This 3rd post of the “Sugar Series” addresses sugar as the “trigger” to craving-eating, binge-eating, and weight-loss stalling – and a quick word on sugar and mood cycling.
We talked Monday that the desire and enjoyment of sweet taste is hard-wired into us as human beings. And how the simple act of eating a bite of a sweet item increases our desire to continue eating/drinking something sweet, mainly because of the “feel good” chemical reaction happening in the brain.
But one very important fact to consider is: every bite, sip after the first one is a diminishing return. Like any addictive substance, that first hit is the best. How many times have you taken that first fork full of ______, been in heaven, and then what seemed like a second later, the plate is empty and you barely remember the rest of the portion? It’s like after that first hit, your brain turns off unless you work hard to eat slowly and mindfully to full appreciate the treat. This is especially true of our “sweet comfort foods”. For me, the first bite of softened, salt caramel gelato (hey, if you’re going to do it, do it right!), is sublime, but the last spoon on the bottom of the container is just delicious. I liked it but was it really necessary?
You still get the enjoyment of the taste combination you’re craving, but just enough to appreciate it without over-indulging.
And – think about this for a minute – do you really have to finish the whole thing? It’s ok to leave part on the plate. The Dessert Police will NOT rush you and hover until you finish the last bite!
Sugar As A Primary Trigger:
Now these tips are helpful for moderating your “treat” sugar intake. They are ways to slowly reduce the amount and frequency of high octane sugary splurges. But one important question remains here: for so many of us, sugar is a primary trigger. It’s our “Gateway Drug” and a large part of the yo-yo dieting cycle and the pattern of “weight loss-gain it all back plus some” that I and possibly many of you have and may even now be battling.
Question: When you’re trying to lose weight do you drastically reduce or completely cut out sweet foods/drinks, only to go right back to them after you’ve lost the weight? And then find the weight starts creeping back on pretty quickly?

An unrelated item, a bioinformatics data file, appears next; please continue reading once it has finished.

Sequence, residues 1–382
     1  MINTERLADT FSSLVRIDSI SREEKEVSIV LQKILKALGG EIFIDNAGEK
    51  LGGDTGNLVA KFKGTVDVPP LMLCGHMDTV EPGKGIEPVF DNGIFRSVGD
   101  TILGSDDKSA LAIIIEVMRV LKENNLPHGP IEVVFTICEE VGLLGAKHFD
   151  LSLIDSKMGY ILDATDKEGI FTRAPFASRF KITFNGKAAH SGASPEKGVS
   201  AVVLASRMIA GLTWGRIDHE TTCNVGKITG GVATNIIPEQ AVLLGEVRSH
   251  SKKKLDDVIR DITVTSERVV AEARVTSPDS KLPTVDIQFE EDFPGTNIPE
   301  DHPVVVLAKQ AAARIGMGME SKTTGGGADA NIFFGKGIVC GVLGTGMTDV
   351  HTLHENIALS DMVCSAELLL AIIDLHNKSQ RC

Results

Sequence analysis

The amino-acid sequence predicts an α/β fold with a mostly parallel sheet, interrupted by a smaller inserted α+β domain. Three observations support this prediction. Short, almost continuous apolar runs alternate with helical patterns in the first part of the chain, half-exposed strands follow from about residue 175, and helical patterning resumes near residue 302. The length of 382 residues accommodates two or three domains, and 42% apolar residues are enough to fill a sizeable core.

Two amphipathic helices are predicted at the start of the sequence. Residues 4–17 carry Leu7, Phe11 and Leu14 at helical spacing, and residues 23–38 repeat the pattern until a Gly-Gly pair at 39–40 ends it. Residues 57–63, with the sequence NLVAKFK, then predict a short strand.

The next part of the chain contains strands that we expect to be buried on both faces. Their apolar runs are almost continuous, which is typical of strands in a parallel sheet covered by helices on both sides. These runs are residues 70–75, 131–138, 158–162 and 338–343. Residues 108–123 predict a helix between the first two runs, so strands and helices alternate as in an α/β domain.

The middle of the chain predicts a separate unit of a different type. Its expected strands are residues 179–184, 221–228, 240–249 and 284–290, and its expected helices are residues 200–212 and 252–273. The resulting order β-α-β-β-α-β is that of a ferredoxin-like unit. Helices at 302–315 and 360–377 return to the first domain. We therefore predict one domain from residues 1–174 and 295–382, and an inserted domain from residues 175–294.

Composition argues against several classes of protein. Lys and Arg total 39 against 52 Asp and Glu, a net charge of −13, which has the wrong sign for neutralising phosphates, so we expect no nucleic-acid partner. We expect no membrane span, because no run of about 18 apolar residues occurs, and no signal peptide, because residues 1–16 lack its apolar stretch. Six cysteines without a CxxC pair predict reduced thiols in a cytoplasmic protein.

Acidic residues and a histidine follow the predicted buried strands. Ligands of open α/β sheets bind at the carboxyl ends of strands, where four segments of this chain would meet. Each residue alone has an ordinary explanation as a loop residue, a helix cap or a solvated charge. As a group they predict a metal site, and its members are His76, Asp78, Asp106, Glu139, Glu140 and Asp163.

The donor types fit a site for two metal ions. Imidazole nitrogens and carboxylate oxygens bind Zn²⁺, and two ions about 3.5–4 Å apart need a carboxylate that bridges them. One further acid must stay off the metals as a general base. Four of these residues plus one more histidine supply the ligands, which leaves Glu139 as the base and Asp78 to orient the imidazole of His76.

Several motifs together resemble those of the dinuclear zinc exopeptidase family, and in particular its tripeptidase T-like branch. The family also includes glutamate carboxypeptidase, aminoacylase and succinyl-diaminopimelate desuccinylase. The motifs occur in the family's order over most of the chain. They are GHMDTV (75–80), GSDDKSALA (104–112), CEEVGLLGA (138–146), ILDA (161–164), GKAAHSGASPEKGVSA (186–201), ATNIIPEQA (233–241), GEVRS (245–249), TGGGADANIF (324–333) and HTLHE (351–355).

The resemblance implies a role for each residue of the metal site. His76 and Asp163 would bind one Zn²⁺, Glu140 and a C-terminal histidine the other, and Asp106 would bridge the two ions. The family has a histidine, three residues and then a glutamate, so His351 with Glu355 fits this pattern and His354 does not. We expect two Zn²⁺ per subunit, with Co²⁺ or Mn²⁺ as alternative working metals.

Question: When you eat something sweet, do you find yourself craving more sweets?
Question: Is “only just one” an impossibility for you? Do you give into a sweet craving and end up eating much more than you planned, raiding the fridge/freezer, going out to get more items, finishing the pint (quart)?
These are all indications that sugar may be your trigger food. If you’ve gone around and around the wheel of weight loss, tried and failed more times than you can count, there is a strong possibility that sugar is the culprit. It opens the door to the whole gammit of other high calorie foods and can quickly undue all your hard work.
*A Sad Fact of Life: Some of us may need to -permanently- strictly limit – or even eliminate sugary foods in order to maintain our weight loss.*
This sounds very difficult, especially if we’re hooked and our drug of choice is literally EVERYWHERE!! Our culture, media, family, friends, and of course practically every store (ok, not Home Depot!) encourages us, manipulates, sometimes even blackmails us into wanting and eating these types of foods. Holidays (Halloween, Christmas, Easter, Dia de Los Muertos, etc.) are practically built around food. Birthdays usually include some varient of ice cream and cake, and simple social dinners typically include a dessert. It doesn’t take a genius to realize that just “saying no” is going to be a challenge of pretty significant proportions.
But, like with everything else, Baby Steps! Start with your morning beverage – do you really need that Starbucks mocchachino?? Can a cup of coffee with light cream and a splenda fit the bill instead? Can you put a cutoff at first with sweets – nothing after 5? That means if you want a treat, a sweetened yogurt, some fruit, you enjoy it earlier. Can you substitute? A strongly flavored tea can actually nix sugar cravings and also be quite satisfying – Good Earth’s sweet and spicy original teas with an added cinnamon stick work for me. And it keeps me away from the 9 PM granola/milk sugar whammy! If you do have to have a treat, can you use plain powdered or liquid stevia in the mix instead of sugar? There are tons of recipes out there to let you have your cake and eat it too without the level of trigger that a full sugar treat contains.
If you are sensitive to sugar, you probably already know it, or hopefully something said here lit a light bulb. Eliminating as much added sugar in your diet as you can will help you in maintaining weight loss. And although our bodies require glucose to function, there will be enough in much of the healthy foods you eat to ensure your health and well being. A quick final note: without the blood sugar spikes from sugar, you may find your mood is more stable. Using exercise and other positive coping skills instead of sugar during a depression may also help you deal with it better and lessen the depth and duration of the episode. We will cover mood in much more depth in tomorrow’s post.
Hopefully, I’ve given you a bit to think about today and, as always, support you stretching out to learn more on your own. Remember: you are the Captain of Your Ship!